New Book: World Color Survey

Using data collected in 110 languages over 30 years, ICSI's Paul Kay and Richard Cook, along with other researchers, have supported and expanded Kay and Brent Berlin and Paul Kay's 1969 hypothesis that the world's languages conform to a universal pattern as they develop names for colors. In The World Color Survey, released in February by Stanford's CSLI Publications, the researchers argue on the basis of the new data that there are indeed universal constraints on the ways in which languages name colors and how color naming systems evolve.

When Berlin and Kay's Basic Color Terms was published in 1969, the prevailing doctrine held that local cultural factors determine how colors are named in different languages, specifically that "each culture has taken the spectral continuum and has divided it upon a basis which is quite arbitrary." Berlin and Kay found that color terms in different languages tend to be based on a limited number of colors, and that languages acquire new names for colors in a partially fixed order.

In 1976, Kay, Berlin, and the late William Merrifield established the World Color Survey (WCS) project to investigate these hypotheses more fully and to respond to (legitimate) criticisms. Critics argued that Basic Color Terms had been based on a small number of speakers, mostly of written languages spoken in developed societies, who were also speakers of European languages and who were currently living in the U.S. The WCS project gathered data on 110 unwritten languages in their own localities to test Berlin and Kay's hypotheses. While finding general confirmation of the hypotheses of universality and evolution of color naming systems, the project has also made several significant revisions.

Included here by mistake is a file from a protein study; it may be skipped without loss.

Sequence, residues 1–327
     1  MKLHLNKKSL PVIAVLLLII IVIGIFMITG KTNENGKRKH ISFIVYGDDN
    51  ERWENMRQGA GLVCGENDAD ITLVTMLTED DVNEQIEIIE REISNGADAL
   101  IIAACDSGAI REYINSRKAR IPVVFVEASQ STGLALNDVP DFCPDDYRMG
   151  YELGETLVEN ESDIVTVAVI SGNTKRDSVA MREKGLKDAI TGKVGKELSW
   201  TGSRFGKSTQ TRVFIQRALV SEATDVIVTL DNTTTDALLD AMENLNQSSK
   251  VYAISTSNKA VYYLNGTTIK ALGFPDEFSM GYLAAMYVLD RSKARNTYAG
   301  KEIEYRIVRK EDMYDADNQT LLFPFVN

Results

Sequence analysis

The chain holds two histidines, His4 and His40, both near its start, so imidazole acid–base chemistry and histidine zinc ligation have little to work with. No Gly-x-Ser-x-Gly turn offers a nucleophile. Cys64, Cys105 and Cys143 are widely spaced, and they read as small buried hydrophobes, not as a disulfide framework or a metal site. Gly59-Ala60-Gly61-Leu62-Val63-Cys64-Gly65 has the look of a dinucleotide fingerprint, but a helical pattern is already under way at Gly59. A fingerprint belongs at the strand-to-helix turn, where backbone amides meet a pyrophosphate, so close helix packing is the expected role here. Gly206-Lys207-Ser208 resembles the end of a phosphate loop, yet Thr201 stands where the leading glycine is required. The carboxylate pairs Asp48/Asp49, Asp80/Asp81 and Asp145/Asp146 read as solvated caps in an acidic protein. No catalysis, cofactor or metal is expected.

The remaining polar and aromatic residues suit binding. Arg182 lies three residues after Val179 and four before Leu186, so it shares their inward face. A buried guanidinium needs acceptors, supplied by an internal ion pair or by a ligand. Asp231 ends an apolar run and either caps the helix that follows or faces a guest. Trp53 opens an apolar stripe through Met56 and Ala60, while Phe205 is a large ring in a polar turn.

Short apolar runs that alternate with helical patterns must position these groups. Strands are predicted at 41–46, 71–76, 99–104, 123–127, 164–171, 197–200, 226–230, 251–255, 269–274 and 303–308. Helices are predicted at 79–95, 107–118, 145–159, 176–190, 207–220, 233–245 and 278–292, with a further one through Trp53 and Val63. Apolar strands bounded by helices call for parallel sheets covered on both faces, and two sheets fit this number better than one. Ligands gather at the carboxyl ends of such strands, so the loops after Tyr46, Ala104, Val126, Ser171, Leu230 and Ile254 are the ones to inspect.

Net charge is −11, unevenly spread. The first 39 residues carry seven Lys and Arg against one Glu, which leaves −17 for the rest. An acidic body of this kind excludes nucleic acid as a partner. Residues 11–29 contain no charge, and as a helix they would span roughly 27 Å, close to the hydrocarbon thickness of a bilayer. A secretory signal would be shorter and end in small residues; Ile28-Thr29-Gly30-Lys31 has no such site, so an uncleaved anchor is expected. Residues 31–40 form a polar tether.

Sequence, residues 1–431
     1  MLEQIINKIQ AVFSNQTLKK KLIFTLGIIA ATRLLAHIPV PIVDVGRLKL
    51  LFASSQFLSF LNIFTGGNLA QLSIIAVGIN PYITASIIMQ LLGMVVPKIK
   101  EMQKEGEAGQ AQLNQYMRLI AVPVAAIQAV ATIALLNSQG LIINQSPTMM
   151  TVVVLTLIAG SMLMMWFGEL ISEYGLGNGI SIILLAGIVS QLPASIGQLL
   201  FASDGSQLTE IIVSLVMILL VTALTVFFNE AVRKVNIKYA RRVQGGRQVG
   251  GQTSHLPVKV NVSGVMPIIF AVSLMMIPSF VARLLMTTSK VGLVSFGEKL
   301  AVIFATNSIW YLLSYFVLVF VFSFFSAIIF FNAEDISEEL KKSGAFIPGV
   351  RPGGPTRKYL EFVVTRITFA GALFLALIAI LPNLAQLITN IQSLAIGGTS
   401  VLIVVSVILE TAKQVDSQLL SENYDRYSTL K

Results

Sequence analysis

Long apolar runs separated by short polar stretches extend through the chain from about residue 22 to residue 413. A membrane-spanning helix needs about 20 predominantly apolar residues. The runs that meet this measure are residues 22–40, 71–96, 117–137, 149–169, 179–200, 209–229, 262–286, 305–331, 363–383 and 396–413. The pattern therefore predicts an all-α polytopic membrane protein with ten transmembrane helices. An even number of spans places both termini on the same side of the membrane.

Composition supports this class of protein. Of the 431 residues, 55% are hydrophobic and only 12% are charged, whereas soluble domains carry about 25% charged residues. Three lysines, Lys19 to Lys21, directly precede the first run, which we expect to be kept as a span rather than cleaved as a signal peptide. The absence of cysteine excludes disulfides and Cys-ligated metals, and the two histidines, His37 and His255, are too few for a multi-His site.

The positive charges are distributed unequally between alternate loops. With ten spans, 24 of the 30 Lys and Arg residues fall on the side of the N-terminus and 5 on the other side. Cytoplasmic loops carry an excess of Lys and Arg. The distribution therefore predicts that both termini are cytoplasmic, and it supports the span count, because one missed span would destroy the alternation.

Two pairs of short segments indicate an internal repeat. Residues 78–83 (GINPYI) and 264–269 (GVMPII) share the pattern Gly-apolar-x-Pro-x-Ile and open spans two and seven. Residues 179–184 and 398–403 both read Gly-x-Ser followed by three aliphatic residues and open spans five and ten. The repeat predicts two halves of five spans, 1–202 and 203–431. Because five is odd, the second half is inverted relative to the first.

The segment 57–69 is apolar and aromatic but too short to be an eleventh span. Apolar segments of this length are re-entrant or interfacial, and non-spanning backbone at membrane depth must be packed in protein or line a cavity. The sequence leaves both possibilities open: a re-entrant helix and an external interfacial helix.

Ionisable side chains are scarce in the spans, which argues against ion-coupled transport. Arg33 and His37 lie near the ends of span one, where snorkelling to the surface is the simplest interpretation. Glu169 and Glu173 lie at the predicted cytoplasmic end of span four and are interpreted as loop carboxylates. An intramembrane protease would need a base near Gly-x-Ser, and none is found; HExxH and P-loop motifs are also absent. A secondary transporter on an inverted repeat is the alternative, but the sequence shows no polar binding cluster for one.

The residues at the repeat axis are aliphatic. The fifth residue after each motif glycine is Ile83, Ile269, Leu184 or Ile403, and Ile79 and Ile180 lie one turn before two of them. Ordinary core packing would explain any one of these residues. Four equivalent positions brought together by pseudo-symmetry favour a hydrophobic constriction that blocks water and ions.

The new book revises the model of how color–naming systems evolve. The current model admits the possibility of a language with only two color terms, as previously documented, but the survey did not document any such languages. In such a language, there is one term comprising white and all the "warm" colors and another comprising black and all the "cool" colors. A three–term language separates a "warm" term from the earlier warm–white term, producing a system of white, warm, and black–cool terms. Further stages of development successively divide these categories until a six–term language comprises separate terms for black, white, red, yellow, green and blue. Terms such as brown, purple, orange, pink, and gray tend to be added late in development, but not at precisely predictable points.

A separate chapter is devoted to the analysis of each of the 110 color terminologies. Each chapter contains several tabular and diagrammatic summaries of the data as well as an overall descriptive summary and evolutionary categorization of the color naming system. The 110 individual language chapters are preceded by chapters dealing with the history of the subject and the methods of the survey.

The book is authored by Paul Kay, Brent Berlin, Luisa Maffi, William Merrifield, and Richard Cook.